Top 5 Wednesday: Book Trends You’re Tired Of

Top 5 Wednesday is currently being hosted by Sam at ThoughtsOnTomes. If you want to learn more about the group or are considering joining in, check out the Goodreads group. Each week has a different topic, and you just post 5 books that fit that topic.

This week’s topic is 5 book trends that you are tired of.

I have to admit that I am probably not up to date on the current trends of literature. I see that they seem to change kind of quickly, but there are still a thing that I’m just tired of seeing. Not that I won’t read books with these themes, but I try to put big spaces between books with these similar themes, so I don’t get overly bored with reading in general.

  • Love Triangles. I hate unnecessary love triangles, which is to say most if not all love triangles. There are times when a well-placed love triangle drives a little bit of suspense– like in a romance novel–, but for the most part, they are not necessary and don’t move the plot and fall flat. A love triangle is not necessary for every story.

 

  • Insta-famous. So we live in a world where becoming internet famous seemingly out of nowhere. However, in real life, even the overnight sensations and viral YouTubers have put a lot of time into their videos, and it’s months if not years of work. The idea that one post flings people into stardom and then that character complaining about the terribleness of fame, I just have never gotten it. There are YouTubers or Tumblr bloggers or twitter users that I have watched for years as they grow a small following and then finally break through with that one topical post. I find that many of the insta-famous stories don’t show that backside, the “unsexy” work that goes behind becoming insta-famous.

 

  • Dystopia. Okay so I love a good dystopia, but I have read so many dystopian trilogies that I’m close to never wanting to read another one. There are only so many ways that a nearly identical plot of a teenager overthrowing the government can play out. I mean, it’s a great idea. However, 7,000 times over is sort of beating it to death. Although, it does set up a nice instructional manual if we end up there.

 

  • Snowflakes. So this is a term that I don’t really like using, but it’s the easiest way to explain it because I dislike the term Mary Sue even more. This is a character (usually female) that is untrained in something but for some reason super good at it (See: Luke Skywalker). I hate it when a character who didn’t know they had magic is better at magic than anyone else who has ever done magic. No, 15-year-old, you are not the greatest wizard of all time, that’s Merlin, and you are not Merlin. Unless you are Merlin, which with the trends in YA you might be, but still even 15-year-old Merlin practiced. You need to practice. Sure, some people are just smarter than others, but we are usually not talking about being really good at multiplication.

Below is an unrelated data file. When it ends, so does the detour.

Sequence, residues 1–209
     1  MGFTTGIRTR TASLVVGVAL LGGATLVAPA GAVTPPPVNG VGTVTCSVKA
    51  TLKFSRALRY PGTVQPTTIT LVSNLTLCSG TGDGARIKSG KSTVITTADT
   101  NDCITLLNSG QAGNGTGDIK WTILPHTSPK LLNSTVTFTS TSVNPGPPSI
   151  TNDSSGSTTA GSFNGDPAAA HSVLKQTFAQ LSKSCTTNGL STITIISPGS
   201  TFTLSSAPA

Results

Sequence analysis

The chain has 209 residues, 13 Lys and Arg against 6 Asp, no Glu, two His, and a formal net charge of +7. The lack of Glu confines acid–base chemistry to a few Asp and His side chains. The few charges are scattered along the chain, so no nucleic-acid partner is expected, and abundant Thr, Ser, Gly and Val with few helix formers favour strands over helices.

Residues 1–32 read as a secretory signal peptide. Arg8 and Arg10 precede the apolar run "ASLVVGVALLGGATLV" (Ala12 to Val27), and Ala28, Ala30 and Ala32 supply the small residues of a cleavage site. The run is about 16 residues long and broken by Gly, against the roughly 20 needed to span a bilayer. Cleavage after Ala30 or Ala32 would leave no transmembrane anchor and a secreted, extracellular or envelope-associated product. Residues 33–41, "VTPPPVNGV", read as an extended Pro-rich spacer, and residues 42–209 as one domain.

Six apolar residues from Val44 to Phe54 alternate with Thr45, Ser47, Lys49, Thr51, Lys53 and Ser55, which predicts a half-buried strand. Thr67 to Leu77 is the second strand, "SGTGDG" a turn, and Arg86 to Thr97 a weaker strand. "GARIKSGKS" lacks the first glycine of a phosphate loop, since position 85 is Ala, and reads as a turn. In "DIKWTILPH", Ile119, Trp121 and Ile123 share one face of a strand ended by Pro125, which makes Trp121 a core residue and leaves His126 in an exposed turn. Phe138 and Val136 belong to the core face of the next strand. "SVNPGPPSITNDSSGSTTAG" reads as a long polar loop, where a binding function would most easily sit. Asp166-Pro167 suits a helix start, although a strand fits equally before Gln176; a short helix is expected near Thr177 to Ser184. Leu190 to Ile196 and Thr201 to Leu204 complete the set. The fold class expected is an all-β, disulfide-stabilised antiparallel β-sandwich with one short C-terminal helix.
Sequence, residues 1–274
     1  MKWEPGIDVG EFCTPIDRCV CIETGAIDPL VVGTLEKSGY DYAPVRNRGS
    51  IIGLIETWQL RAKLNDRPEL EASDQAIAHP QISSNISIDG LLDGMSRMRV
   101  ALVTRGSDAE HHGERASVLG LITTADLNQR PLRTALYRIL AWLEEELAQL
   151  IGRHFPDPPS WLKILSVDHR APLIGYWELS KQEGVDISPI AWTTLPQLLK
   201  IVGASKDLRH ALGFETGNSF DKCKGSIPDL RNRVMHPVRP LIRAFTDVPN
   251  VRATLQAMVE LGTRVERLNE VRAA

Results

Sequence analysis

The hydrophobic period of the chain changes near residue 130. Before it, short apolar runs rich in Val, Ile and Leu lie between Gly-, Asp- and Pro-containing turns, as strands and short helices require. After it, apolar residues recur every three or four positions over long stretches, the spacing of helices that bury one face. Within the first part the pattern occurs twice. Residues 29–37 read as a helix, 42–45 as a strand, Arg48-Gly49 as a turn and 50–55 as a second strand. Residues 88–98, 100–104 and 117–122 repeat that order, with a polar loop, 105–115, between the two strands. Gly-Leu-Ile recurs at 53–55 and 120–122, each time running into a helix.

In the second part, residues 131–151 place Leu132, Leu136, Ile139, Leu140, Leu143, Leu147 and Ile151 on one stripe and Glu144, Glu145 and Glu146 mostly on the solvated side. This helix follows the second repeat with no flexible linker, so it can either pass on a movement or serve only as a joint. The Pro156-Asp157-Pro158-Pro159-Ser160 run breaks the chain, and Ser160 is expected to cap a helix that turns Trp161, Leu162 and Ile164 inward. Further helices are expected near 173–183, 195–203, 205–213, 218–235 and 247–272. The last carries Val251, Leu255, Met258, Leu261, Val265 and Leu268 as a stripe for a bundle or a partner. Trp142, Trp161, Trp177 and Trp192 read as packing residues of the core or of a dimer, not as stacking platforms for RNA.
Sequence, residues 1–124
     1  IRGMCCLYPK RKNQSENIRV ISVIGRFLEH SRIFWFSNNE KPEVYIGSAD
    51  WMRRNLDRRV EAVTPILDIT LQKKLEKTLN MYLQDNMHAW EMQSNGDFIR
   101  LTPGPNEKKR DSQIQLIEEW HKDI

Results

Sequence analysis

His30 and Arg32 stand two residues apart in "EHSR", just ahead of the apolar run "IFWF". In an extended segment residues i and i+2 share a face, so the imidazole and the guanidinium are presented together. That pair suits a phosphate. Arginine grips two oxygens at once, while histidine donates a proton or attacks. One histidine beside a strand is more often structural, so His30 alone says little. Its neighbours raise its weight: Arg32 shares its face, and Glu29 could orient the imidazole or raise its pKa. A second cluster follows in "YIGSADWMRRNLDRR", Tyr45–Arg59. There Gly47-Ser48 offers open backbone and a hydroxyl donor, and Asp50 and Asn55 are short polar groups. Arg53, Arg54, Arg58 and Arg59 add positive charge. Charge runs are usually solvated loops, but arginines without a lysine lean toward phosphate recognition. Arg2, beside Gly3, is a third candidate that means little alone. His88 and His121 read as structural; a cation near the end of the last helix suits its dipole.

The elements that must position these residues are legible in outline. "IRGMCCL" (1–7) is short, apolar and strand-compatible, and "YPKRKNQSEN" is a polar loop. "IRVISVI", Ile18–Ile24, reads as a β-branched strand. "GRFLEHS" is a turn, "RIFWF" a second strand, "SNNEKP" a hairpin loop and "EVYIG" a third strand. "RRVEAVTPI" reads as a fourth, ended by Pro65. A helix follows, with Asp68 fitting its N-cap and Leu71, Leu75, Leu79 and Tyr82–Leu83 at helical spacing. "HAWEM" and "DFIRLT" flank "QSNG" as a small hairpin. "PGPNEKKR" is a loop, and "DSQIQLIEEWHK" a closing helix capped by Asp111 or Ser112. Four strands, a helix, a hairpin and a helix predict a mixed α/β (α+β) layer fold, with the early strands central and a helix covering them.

• Paranormal Romances where one character is immortal. I haven’t seen a lot of this lately, but that may be because I’ve been actively avoiding paranormal romance style books. Last time I went to Barnes and Nobel I think that section was a lot smaller than it was a year or two ago, but still, I don’t like it. I don’t like it because even though it is explained in detail how the character became immortal at 16 or 17 or whatever, they were born in 1532 and shouldn’t be dating someone born in 2000. That’s creepy. I don’t care. Creepy. First of all, what do these people have in common? I have nothing in common with someone born in 2000 and I’m only 14 years older than them. What do they talk about? I don’t see someone born in 1532 liking the Bachelor or whatever 17-year-olds watch. If they are a vampire, they can’t take selfies because they don’t show up in the picture, so can’t do that together. I have literally no idea what else teenage people do. AND it’s super creepy. 

I feel this contains too much negativity, so I will add one trend that I’m currently loving:

I’m not sure why this became a thing, but I’ve been seeing it everywhere, and I like the idea of the re-telling of classics. I probably have four different Alice and Wonderland re-tellings chilling in my TBR pile. I’m sure when I reach the end of them I will never want to read another re-telling again, but at the moment, I think it’s really cool. I know it is not that same, but I feel a little bit of a fan fiction vibe to them like that culture is becoming more accepted. As a fan fiction writer (I write pre-series Supernatural fan fiction about the boys’ childhood) I find it a fun challenge to re-imagine characters while still trying to hold true to the original stories.

What do you think? Agree or Disagree?

Until next time Internet,

Deanna

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